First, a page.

Dry spells risk characterisation and determination of Southern oscillation index influence on precipitation patterns over Victoria State, Australia

Document Type : Original Article


3799 unit 1 selosesha


A dry spell is defined as the consecutive number of days with precipitation less than a specified threshold value of a standardised precipitation index (SPI). A cumulative effect of these dry spells amount to drought events and thereby negatively affect socio-economic activities in the communities. The current study aimed at determining the influence of El Niño-Southern Oscillation (ENSO) aided by Southern Oscillation Index (SOI) in order to make easy prediction given clear SOI cyclicity of anything from 3 to 7 years. The study used SPI to define dry spells and was also used a conceptual framework to quantify dry spells. A spectral analysis was also applied to SPI-1 time series datasets to determine return levels to provide government and all relevant authorities with behavioural characteristics of dry spells in the area for proactive mitigation strategies. Main results of this study ENSO having no direct influence over all the selected station’s precipitation. All the stations showed an average of 12 months or 1 year return level. This implies that after every 1 year, the study area is highly likely to experience dry spells which could lead to detrimental effects of the most important amenities of the study area. This phenomenon provides authorities with relevant information to plan proactively as dry spells may amount or graduate to drought events and thereby adversely affect water consuming activities in the area.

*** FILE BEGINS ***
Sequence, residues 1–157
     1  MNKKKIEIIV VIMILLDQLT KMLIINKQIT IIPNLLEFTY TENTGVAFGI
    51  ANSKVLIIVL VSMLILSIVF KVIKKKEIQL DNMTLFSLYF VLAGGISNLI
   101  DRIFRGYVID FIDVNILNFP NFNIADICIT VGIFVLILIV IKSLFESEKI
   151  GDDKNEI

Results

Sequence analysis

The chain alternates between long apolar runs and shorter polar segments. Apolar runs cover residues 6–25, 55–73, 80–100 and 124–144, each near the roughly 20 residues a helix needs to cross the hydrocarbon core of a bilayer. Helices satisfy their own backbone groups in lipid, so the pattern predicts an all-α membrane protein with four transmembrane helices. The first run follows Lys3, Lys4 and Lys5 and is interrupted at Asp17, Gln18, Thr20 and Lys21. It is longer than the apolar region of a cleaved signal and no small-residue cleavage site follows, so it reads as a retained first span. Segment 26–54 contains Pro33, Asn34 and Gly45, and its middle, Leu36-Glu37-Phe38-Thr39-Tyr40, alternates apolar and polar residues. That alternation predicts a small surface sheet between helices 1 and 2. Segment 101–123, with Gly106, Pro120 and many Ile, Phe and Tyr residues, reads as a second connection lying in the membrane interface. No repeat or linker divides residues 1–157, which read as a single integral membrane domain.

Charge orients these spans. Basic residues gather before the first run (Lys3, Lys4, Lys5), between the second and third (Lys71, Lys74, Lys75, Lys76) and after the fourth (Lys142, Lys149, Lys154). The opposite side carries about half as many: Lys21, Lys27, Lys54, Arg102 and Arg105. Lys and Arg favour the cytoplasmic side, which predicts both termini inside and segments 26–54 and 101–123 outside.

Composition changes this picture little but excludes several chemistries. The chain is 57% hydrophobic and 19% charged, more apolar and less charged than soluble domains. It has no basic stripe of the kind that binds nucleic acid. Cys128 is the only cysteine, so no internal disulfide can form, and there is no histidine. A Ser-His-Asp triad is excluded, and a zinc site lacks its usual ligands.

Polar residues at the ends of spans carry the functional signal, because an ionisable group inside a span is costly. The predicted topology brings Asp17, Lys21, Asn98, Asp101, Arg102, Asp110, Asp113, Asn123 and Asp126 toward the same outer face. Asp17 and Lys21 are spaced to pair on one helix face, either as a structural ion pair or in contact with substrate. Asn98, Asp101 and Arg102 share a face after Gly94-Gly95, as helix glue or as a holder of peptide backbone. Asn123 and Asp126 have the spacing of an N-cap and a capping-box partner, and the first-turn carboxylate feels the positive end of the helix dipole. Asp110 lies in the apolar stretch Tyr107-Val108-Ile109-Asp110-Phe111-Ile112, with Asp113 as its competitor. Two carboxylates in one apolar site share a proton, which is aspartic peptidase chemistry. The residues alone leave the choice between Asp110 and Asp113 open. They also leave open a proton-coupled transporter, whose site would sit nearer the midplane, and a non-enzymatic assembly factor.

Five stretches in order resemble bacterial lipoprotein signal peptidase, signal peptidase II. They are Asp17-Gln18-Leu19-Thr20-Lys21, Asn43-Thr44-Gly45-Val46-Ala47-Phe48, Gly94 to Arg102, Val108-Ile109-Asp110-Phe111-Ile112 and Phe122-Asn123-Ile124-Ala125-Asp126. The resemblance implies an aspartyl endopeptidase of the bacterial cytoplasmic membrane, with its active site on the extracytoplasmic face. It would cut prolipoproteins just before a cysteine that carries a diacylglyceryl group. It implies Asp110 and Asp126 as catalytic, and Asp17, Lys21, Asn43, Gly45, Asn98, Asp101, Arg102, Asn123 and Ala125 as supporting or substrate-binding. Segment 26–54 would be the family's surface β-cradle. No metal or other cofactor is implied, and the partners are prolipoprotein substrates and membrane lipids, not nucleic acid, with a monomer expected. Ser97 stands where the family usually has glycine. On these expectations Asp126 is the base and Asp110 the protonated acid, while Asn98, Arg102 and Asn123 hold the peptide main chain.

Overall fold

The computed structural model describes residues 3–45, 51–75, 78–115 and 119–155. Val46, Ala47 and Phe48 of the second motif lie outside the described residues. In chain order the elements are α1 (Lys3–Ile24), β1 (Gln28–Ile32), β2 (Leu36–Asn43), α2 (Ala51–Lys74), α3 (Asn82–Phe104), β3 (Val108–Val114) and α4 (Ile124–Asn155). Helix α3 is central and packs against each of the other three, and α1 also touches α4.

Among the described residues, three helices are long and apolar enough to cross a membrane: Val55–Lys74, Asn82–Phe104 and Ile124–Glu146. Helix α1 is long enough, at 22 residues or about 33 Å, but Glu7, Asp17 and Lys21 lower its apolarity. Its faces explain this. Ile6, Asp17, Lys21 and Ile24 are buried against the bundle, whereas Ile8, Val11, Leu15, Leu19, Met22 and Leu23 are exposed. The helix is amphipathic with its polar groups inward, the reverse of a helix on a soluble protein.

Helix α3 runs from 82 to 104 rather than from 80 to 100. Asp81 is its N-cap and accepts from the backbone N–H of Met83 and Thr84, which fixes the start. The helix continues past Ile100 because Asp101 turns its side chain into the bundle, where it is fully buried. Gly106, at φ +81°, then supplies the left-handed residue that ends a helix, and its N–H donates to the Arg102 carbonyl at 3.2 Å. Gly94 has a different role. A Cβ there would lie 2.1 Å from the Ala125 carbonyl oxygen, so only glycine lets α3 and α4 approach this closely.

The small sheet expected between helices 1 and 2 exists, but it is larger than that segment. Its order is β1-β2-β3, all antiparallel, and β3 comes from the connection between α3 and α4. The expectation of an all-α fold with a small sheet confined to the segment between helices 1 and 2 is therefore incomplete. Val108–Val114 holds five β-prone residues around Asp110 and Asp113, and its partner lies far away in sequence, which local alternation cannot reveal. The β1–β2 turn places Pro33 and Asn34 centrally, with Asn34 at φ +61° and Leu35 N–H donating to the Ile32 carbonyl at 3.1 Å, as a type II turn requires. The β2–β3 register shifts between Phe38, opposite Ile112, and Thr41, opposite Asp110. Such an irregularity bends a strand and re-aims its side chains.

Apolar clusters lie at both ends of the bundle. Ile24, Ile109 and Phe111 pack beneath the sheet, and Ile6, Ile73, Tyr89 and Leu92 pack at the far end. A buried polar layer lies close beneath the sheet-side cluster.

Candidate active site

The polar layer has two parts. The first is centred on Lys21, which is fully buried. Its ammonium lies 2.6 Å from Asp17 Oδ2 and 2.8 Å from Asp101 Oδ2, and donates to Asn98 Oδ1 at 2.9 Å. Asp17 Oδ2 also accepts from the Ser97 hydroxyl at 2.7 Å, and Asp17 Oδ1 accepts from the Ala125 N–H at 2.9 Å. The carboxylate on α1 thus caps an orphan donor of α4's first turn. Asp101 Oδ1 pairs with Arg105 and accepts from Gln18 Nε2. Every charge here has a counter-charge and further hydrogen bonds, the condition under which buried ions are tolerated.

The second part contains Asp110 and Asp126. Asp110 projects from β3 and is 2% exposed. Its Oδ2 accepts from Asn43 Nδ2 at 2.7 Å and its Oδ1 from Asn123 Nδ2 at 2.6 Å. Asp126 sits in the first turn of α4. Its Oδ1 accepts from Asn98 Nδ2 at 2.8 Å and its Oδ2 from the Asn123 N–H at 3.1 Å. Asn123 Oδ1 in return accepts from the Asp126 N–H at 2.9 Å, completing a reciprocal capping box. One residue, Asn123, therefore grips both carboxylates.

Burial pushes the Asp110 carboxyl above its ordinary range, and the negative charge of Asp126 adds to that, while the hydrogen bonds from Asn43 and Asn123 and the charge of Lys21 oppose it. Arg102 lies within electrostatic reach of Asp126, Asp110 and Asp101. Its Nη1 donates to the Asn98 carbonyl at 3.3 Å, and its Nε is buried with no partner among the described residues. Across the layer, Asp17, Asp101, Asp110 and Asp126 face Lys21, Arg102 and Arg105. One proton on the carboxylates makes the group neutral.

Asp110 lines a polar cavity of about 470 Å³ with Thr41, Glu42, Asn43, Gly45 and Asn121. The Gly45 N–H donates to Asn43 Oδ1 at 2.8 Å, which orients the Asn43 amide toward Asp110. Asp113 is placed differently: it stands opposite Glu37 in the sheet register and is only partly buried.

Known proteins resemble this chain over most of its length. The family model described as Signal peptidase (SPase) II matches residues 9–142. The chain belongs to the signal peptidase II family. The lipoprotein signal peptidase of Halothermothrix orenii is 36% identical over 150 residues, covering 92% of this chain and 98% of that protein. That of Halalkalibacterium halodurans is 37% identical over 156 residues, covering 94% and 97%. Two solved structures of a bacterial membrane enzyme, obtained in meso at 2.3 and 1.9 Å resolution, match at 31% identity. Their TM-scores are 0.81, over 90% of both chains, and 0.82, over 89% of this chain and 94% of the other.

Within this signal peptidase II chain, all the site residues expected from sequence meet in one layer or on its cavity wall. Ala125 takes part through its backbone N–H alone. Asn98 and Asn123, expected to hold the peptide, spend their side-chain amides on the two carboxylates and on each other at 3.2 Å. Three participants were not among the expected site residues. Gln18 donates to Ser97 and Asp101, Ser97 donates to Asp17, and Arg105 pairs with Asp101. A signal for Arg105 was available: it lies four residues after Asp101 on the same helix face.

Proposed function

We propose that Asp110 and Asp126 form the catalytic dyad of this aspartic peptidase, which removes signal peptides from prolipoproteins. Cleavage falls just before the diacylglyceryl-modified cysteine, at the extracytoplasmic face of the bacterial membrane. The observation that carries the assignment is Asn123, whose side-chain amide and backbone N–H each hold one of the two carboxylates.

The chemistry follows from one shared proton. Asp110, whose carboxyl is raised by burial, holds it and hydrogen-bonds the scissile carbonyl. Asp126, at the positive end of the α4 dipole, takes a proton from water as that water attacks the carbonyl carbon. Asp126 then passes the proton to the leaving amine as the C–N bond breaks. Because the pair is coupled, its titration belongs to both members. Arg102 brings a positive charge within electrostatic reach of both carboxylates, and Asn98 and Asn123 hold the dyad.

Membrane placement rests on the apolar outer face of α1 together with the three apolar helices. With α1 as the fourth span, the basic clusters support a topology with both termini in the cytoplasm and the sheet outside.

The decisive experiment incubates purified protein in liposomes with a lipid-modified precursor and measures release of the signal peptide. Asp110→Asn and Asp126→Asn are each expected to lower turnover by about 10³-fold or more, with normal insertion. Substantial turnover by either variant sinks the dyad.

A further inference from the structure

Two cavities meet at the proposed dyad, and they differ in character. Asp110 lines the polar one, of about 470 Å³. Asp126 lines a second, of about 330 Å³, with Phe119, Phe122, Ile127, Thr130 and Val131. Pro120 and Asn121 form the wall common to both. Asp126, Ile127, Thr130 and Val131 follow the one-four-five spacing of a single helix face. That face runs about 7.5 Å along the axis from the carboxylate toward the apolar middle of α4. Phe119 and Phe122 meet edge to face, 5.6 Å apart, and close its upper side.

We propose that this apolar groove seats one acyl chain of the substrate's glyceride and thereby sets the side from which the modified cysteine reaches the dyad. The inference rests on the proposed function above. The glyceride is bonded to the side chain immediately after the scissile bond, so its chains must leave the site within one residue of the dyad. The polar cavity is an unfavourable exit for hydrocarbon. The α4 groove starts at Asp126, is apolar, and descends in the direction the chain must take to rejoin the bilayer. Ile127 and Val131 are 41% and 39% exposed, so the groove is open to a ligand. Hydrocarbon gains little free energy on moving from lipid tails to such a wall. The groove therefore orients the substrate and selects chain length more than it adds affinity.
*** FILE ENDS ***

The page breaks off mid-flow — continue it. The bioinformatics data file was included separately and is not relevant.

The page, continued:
Articles in Press, Accepted Manuscript
Available Online from 03 June 2023
  • Receive Date: 26 March 2023
  • Revise Date: 27 May 2023
  • Accept Date: 03 June 2023